8. The shifting beverage landscape.

    Science.gov (United States)

    Storey, Maureen

    2010-04-26

    STOREY, M.L. The shifting beverage landscape. PHYSIOL BEHAV, 2010. - Simultaneous lifestyle changes have occurred in the last few decades, creating an imbalance in energy intake and energy expenditure that has led to overweight and obesity. Trends in the food supply show that total daily calories available per capita increased 28% since 1970. Total energy intake among men and women has also increased dramatically since that time. Some have suggested that intake of beverages has had a disproportional impact on obesity. Data collected by the Beverage Marketing Corporation between 1988-2008 demonstrate that, in reality, fewer calories per ounce are being produced by the beverage industry. Moreover, data from the National Cancer Institute show that soft drink intake represents 5.5% of daily calories. Data from NHANES 1999-2003 vs. 2003-06 may demonstrate a shift in beverage consumption for age/gender groups, ages 6 to>60years. The beverages provided in schools have significantly changed since 2006 when the beverage industry implemented School Beverage Guidelines. This voluntary action has removed full-calorie soft drinks from participating schools across the country. This shift to lower-calorie and smaller-portion beverages in school has led to a significant decrease in total beverage calories in schools. These data support the concept that to prevent and treat obesity, public health efforts should focus on energy balance and that a narrow focus on sweetened beverages is unlikely to have any meaningful impact on this complex problem. Copyright 2010 Elsevier Inc. All rights reserved.

  9. Upward ant distribution shift corresponds with minimum, not maximum, temperature tolerance

    Science.gov (United States)

    Robert J. Warren; Lacy. Chick

    2013-01-01

    Rapid climate change may prompt species distribution shifts upward and poleward, but species movement in itself is not sufficient to establish climate causation. Other dynamics, such as disturbance history, may prompt species distribution shifts resembling those expected from rapid climate change. Links between species distributions, regional climate trends and...

  10. Catastrophic shifts in ecosystems

    Science.gov (United States)

    Scheffer, Marten; Carpenter, Steve; Foley, Jonathan A.; Folke, Carl; Walker, Brian

    2001-10-01

    All ecosystems are exposed to gradual changes in climate, nutrient loading, habitat fragmentation or biotic exploitation. Nature is usually assumed to respond to gradual change in a smooth way. However, studies on lakes, coral reefs, oceans, forests and arid lands have shown that smooth change can be interrupted by sudden drastic switches to a contrasting state. Although diverse events can trigger such shifts, recent studies show that a loss of resilience usually paves the way for a switch to an alternative state. This suggests that strategies for sustainable management of such ecosystems should focus on maintaining resilience.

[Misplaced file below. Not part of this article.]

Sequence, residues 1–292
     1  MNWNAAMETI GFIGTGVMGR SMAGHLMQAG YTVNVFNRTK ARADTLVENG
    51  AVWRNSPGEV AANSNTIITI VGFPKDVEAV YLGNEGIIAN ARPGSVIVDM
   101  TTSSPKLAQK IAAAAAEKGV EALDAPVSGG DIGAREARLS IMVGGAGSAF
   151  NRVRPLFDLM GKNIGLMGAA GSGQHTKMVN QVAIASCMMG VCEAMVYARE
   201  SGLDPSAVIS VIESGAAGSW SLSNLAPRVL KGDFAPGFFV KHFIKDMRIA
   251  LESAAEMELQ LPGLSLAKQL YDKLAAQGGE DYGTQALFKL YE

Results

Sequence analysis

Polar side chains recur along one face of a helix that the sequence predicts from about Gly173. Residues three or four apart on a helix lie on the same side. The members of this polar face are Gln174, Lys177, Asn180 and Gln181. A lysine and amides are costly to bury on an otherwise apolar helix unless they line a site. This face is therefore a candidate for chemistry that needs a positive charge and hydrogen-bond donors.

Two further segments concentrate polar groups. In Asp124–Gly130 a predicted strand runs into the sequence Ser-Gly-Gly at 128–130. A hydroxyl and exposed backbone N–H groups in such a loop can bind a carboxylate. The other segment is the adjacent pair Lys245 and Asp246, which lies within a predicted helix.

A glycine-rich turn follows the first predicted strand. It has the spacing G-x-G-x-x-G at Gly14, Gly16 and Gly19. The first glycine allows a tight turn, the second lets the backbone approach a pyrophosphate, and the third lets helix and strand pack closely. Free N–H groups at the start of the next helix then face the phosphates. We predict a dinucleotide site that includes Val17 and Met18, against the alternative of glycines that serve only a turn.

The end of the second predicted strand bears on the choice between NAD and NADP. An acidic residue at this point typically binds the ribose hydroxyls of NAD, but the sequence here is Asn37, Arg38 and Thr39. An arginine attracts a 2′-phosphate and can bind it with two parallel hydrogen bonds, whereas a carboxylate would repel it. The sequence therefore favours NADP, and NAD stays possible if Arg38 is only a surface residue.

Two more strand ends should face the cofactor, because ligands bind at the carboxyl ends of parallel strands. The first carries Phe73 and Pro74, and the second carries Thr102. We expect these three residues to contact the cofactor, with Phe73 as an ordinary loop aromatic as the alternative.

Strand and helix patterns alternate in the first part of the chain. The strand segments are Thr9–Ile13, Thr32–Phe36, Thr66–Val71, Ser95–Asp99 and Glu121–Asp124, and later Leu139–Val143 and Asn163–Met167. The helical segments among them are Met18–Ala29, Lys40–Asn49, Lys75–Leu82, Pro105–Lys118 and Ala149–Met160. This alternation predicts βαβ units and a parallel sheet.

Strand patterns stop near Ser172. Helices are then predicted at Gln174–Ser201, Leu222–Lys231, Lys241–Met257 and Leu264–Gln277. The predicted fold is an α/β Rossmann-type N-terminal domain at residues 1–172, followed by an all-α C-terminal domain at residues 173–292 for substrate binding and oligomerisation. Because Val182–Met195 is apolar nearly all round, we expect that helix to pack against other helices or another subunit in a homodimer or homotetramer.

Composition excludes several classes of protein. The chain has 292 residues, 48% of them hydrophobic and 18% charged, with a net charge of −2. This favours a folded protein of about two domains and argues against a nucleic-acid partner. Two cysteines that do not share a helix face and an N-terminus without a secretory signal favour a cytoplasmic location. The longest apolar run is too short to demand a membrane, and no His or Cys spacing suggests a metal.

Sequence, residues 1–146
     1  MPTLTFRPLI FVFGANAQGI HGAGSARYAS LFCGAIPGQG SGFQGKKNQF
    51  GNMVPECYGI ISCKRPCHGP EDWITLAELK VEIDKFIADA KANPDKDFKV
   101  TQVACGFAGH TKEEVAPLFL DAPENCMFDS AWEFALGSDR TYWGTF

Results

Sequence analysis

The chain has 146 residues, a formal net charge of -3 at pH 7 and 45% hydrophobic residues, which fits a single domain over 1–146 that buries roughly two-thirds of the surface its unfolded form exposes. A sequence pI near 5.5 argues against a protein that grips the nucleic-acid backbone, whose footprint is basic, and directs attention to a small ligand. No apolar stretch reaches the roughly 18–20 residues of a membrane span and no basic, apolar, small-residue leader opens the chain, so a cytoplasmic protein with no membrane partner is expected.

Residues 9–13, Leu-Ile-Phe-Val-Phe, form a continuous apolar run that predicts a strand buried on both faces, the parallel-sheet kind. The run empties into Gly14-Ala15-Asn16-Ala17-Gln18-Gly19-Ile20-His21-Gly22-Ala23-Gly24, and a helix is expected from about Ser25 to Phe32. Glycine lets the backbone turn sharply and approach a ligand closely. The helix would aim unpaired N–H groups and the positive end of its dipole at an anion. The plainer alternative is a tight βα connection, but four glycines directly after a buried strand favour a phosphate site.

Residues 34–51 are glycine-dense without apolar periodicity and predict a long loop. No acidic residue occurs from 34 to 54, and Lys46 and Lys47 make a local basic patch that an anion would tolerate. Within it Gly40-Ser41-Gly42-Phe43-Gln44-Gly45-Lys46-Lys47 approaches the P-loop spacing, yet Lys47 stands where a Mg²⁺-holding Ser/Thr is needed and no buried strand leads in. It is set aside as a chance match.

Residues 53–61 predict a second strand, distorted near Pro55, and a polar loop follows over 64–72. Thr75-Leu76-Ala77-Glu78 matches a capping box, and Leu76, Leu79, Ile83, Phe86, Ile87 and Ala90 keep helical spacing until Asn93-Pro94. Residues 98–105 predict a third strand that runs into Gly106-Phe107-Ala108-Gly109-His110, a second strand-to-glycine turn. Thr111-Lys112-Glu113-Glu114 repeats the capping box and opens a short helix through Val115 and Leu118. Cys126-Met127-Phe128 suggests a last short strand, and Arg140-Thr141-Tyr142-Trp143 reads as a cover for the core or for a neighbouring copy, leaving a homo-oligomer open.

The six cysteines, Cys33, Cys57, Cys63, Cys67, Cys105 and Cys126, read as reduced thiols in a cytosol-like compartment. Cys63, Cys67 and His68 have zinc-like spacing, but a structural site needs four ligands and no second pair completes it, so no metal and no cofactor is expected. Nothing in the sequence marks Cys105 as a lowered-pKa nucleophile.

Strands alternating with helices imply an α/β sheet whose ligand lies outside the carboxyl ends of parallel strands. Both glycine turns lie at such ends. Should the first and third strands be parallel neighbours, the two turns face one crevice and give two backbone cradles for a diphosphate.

11. Computational study of hydrogen shifts and ring-opening mechanisms in α-pinene ozonolysis products

    DEFF Research Database (Denmark)

    Kurtén, Theo; Rissanen, Matti P.; Mackeprang, Kasper

    2015-01-01

    Autoxidation by sequential peroxy radical hydrogen shifts (H-shifts) and O2 additions has recently emerged as a promising mechanism for the rapid formation of highly oxidized, low-volatility organic compounds in the atmosphere. A key prerequisite for autoxidation is that the H-shifts of the initial...

  12. Shifted excitation Raman difference spectroscopy for authentication of cheese and cheese analogues

    Science.gov (United States)

    Sowoidnich, Kay; Kronfeldt, Heinz-Detlef

    2016-04-01

    Food authentication and the detection of adulterated products are recent major issues in the food industry as these topics are of global importance for quality control and food safety. To effectively address this challenge requires fast, reliable and non-destructive analytical techniques. Shifted Excitation Raman Difference Spectroscopy (SERDS) is well suited for identification purposes as it combines the chemically specific information obtained by Raman spectroscopy with the ability for efficient fluorescence rejection. The two slightly shifted excitation wavelengths necessary for SERDS are realized by specially designed microsystem diode lasers. At 671 nm the laser (optical power: 50 mW, spectral shift: 0.7 nm) is based on an external cavity configuration whereas an emission at 783 nm (optical power: 110 mW, spectral shift: 0.5 nm) is achieved by a distributed feedback laser. To investigate the feasibility of SERDS for rapid and nondestructive authentication purposes four types of cheese and three different cheese analogues were selected. Each sample was probed at 8 different positions using integration times of 3-10 seconds and 10 spectra were recorded at each spot. Principal components analysis was applied to the SERDS spectra revealing variations in fat and protein signals as primary distinction criterion between cheese and cheese analogues for both excitation wavelengths. Furthermore, to some extent, minor compositional differences could be identified to discriminate between individual species of cheese and cheese analogues. These findings highlight the potential of SERDS for rapid food authentication potentially paving the way for future applications of portable SERDS systems for non-invasive in situ analysis.

  13. Repetition and Translation Shifts